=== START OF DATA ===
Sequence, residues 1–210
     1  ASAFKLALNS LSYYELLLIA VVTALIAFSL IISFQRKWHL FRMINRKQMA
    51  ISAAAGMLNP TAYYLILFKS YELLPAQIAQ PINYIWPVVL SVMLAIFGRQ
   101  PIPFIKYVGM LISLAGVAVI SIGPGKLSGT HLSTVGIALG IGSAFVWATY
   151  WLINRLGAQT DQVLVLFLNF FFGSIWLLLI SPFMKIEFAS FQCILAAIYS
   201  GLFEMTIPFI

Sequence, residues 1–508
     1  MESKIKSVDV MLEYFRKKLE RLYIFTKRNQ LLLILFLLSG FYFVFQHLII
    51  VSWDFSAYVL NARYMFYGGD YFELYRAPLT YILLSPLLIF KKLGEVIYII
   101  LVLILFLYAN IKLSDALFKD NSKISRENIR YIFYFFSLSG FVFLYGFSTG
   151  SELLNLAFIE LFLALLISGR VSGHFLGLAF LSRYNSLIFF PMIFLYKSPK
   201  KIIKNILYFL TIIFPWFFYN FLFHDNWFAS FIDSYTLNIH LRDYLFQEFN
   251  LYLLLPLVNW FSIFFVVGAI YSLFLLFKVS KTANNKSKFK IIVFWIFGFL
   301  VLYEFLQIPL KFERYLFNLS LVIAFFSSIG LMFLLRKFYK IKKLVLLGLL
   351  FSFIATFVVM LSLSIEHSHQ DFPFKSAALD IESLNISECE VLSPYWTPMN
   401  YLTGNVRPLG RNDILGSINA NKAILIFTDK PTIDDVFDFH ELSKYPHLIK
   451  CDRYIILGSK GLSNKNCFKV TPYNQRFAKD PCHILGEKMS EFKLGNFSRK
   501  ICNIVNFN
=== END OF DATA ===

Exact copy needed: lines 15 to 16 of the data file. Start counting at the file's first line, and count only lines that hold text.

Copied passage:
   351  FSFIATFVVM LSLSIEHSHQ DFPFKSAALD IESLNISECE VLSPYWTPMN
   401  YLTGNVRPLG RNDILGSINA NKAILIFTDK PTIDDVFDFH ELSKYPHLIK